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Ben Cockrell, head of strategy and data, ekino

Ben Cockrell

Path to power

I started my career in IT, running server infrastructure and providing user support for a small data and CRM agency. Over the past 16 years, I’ve taken on a range of agency roles, including account management, consultancy, project management, data planning, strategy and leadership positions. I’ve also worked on data strategy for some major brands, including BT, Dyson, Nissan, Marriott, GSK, British Airways and Maersk.

 

This variety forced me to develop a strong problem solving skillset – I’d often find myself working on a new type of client challenge or leading a pitch in an industry vertical that I hadn’t worked on before – so I became highly experienced at working though solutions from a fresh angle using first principles. As my career progressed, I worked on ever bigger client opportunities – from BT Broadband CRM and analytics in 2004 to Dyson’s commercial global CRM solution in 2010 and BA’s “Know Me” programme in 2013.

 

I’ve spent the past four years working at ekino, which is part of the Havas Group. The focus of my role is Maersk, where we have an omnichannel customer first vision to transform the whole media, CRM and data insight model.

 

What is the proudest achievement of your career to date?

I’m incredibly proud of what we have achieved at ekino. When I joined in December 2015, there was no data function at all. Fast forward five years and my team is approaching 20 staff with expertise across data and customer strategy, data analytics, marketing technology, data science and AI.

 

We are focused on using data, people, process and technology to deliver one-to-one customer experiences at scale. This means aligning business functions towards the same goal – bringing all the digital and offline touchpoints together into a single framework, which will ultimately be powered by AI and omni-channel decision engines.

 

Who is your role model or the person you look to for inspiration?

Elon Musk inspires me. From founding Paypal, to turning rocket industry on its head with SpaceX, Elon has a clear vision of how whole industries will change and an ambition and approach to problem solving which enables him to address the changes that others believe are impossible to solve.

 

Did 2019 turn out the way you expected? If not, in what ways was it different?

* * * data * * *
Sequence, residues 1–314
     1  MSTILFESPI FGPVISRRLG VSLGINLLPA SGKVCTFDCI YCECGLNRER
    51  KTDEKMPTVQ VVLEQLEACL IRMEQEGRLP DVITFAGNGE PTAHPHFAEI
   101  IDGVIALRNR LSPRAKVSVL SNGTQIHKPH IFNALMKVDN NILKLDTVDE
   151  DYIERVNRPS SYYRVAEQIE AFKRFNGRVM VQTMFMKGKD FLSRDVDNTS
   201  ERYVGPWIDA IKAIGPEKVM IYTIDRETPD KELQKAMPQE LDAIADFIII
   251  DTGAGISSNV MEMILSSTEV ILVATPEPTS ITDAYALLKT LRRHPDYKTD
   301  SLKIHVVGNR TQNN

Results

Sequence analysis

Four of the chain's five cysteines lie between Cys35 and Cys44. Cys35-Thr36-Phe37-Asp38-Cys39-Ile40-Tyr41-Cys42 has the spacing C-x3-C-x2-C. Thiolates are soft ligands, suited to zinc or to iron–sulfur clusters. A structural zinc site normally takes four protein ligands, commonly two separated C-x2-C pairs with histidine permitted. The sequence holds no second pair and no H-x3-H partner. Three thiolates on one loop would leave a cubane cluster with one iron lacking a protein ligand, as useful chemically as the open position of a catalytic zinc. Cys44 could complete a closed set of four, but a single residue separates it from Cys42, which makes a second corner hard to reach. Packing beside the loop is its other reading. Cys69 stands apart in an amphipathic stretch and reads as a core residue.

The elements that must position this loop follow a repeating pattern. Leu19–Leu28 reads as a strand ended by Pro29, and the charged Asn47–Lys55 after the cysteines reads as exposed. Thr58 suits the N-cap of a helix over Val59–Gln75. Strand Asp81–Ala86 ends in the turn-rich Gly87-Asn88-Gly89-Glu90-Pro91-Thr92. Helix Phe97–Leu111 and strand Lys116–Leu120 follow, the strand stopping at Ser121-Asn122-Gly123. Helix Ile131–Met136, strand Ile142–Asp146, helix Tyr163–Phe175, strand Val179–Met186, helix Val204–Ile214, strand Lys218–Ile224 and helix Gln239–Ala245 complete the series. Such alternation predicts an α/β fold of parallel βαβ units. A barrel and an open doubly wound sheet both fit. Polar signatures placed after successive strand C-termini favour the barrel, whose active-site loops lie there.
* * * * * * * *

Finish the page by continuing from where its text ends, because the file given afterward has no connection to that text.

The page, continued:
In 2019 we saw big shifts in the scale of ambition from our clients – setting a clear vision to use data and technology to deliver a best-in-class customer first experience. At the same time, the existing challenges remain – facilitating the alignment of business functions such as product, sales, marketing, customer service, business intelligence and IT, to achieve a common goal. There was also a lot of hype around AI adoption, rather than being a panacea, we have deployed it in some very focused and practical applications - helping to generate real business efficiencies.

 

What do you expect 2020 to be like for the data and analytics industry?

For those of us who have been preaching for the last decade about transforming the below-the-line customer experience model, 2020 is going to be a special year. Within organisations, we are seeing the beginning of a unification of corporate vision, technology, data and, most importantly, people. That means we can move away from the concept of the multichannel campaign and embrace a paradigm shift which leads to an increased focus on delivering value from corporate data. The key to our success is proving incremental value along the journey, aligning our ambitions to the myriad existing business initiatives within the organisation.

 

Data and technology are changing business, the economy and society – what do you see as the biggest opportunity emerging from this?

The greatest benefit will come from delivering relevant, engaging and rewarding experiences. From a marketing and customer service perspective, we have an opportunity to use data and technology to ensure that every interaction is efficient, benefits the individual customer and provides the greatest value possible. There is also so much more information in our everyday lives compared to ten years ago. Every minute of peoples’ time has become more valuable, so we have a duty to use that time and energy in the best way possible.

 

What is the biggest tech challenge your clients face in ensuring data is at the heart of their digital transformation strategy?

The clients we work with are often global and complex. Driving the required changes from the C-suite, across the business functions, all the way down to individual operations, is hard. Problems are not solved by selecting a piece of technology, they are solved by the capability in combination with the underlying data and organisational foundations that enable business to quickly interact and move up the data value chain. This approach is essential to truly leverage the business value from the vast amounts of data available. It also means banishing silos and developing a consistent approach and vision across the organisation.

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